Iowa needs every advantage it can right now and that comes in the form of a numbers game. The Hawkeyes first run of at least 5 yards came out of a spread look with three wide receivers to the left and a tight end to the right. Running back Akrum Wadley gains 6 yards as only six defenders are in the box. If Northwestern’s Brett Walsh doesn’t trip up Wadley the play goes for 10-plus yards.
This is the kind of look Iowa needs going forward. Going heavy and loading up on tight ends and fullbacks creates the opposite look. Five times Iowa used its 22 personnel or motioned into it from a three-tight end look on run plays. Each time, the Wildcats responded by moving its defenders closer to the line of scrimmage.
|Down, distance||Yds Gained||Defenders in box|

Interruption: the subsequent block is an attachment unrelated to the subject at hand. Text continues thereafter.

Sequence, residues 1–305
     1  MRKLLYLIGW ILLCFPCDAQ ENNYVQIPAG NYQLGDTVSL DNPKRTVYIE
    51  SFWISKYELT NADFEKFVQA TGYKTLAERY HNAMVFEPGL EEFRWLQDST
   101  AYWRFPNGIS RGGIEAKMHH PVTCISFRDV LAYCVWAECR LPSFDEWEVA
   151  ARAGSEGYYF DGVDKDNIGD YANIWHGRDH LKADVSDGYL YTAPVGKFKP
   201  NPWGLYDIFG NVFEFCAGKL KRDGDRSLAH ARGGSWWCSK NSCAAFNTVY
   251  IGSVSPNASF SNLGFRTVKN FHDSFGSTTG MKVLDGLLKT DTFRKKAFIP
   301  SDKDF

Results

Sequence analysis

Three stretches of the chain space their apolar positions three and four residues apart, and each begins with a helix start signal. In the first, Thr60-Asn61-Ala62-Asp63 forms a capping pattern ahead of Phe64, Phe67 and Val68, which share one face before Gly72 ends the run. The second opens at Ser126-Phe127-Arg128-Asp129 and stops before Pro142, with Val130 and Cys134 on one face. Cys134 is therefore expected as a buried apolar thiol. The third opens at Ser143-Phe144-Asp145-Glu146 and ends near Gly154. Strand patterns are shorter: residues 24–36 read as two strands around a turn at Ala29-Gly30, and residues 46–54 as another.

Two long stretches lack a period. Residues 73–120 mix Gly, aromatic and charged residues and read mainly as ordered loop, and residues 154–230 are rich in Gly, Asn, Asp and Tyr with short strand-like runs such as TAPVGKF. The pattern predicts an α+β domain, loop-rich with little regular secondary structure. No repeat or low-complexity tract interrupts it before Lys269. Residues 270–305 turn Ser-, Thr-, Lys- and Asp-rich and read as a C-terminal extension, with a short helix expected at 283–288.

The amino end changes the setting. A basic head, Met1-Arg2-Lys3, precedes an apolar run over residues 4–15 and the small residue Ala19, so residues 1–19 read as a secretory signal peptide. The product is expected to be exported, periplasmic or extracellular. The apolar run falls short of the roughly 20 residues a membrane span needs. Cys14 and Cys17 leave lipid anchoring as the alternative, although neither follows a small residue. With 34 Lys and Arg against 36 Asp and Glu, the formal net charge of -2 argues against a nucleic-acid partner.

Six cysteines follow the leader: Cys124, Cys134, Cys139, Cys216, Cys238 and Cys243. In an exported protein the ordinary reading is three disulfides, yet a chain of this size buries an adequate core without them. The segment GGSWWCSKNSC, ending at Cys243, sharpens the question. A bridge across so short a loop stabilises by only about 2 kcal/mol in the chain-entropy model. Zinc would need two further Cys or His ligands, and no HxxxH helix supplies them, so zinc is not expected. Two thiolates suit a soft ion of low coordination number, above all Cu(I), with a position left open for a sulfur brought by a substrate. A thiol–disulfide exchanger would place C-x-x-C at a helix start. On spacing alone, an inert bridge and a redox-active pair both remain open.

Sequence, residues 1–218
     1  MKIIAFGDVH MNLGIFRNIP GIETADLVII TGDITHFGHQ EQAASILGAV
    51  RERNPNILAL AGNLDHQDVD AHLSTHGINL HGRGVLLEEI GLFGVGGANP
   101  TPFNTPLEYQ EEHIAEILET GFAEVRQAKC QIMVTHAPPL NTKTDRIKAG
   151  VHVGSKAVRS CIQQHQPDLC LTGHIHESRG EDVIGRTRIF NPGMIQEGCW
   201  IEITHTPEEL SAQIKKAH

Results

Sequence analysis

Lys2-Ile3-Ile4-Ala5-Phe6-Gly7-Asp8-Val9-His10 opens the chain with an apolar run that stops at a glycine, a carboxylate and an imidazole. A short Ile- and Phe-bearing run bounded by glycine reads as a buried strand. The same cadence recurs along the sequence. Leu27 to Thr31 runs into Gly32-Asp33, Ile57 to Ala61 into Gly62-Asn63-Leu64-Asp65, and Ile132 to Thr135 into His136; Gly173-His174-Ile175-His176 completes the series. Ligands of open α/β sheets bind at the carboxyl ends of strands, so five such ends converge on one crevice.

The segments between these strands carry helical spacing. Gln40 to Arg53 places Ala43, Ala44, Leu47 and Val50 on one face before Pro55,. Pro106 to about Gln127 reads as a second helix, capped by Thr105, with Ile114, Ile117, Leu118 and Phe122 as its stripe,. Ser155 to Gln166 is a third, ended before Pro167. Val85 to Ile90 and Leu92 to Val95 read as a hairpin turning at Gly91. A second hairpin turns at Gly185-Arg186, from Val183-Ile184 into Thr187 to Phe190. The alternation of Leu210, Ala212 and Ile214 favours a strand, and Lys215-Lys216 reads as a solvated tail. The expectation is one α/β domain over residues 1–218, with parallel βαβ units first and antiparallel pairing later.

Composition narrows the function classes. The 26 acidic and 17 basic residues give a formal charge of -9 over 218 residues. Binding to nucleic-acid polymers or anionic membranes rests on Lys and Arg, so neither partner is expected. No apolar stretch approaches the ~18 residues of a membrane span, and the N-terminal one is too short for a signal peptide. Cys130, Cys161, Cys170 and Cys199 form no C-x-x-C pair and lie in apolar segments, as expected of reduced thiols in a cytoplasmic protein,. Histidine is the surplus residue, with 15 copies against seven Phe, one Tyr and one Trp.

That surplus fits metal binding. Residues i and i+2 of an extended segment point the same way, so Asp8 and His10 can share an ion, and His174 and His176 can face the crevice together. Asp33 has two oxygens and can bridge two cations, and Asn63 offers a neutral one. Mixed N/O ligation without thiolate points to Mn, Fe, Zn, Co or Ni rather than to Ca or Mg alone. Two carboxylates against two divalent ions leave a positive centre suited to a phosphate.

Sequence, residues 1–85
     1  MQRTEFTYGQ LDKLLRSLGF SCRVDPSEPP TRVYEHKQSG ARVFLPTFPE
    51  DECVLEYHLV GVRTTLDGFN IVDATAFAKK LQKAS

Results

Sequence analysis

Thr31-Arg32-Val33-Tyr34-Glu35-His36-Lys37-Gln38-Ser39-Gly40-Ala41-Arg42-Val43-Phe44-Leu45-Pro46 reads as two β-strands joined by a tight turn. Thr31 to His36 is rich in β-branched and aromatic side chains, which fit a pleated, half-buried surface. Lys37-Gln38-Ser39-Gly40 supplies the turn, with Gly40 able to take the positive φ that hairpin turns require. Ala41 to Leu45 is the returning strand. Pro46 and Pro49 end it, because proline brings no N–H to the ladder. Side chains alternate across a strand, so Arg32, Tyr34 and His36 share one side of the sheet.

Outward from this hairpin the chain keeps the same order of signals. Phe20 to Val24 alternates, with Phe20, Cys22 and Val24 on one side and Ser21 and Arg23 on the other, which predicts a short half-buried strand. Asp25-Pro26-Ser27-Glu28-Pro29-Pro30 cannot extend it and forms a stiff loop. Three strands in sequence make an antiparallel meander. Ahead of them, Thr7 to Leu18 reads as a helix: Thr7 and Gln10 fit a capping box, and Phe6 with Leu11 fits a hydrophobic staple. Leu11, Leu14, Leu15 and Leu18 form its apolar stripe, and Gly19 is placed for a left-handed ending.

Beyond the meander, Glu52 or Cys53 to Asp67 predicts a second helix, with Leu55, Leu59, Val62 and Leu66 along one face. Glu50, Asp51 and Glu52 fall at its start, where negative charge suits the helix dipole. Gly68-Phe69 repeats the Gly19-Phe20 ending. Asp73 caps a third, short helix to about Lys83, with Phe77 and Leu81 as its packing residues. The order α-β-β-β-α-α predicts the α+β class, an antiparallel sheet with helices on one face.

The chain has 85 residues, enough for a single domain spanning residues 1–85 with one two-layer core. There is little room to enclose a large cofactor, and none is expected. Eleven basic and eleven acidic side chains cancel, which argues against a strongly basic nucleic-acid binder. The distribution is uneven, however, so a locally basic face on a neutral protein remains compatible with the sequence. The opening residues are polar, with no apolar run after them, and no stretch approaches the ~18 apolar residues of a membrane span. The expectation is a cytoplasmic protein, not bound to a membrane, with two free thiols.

Yes, the longest run of the day came from 22 and there will be more on that in a second, but it’s an outlier. The other four runs averaged 1.0 yards per carry on players where as many as 10 defenders stood in the box or just outside of it.
Some years, the Hawkeyes can move the chains against these kinds of defensive looks. This Iowa offense can’t do that right now, not consistently. The only time it did was on an inside zone where center James Daniels and offensive guard Sean Welsh pushed Northwestern’s Tyler Lancaster off the line. The hole opens up when the fullback kicks out a charging linebacker and Wadley dashes 22 yards downfield.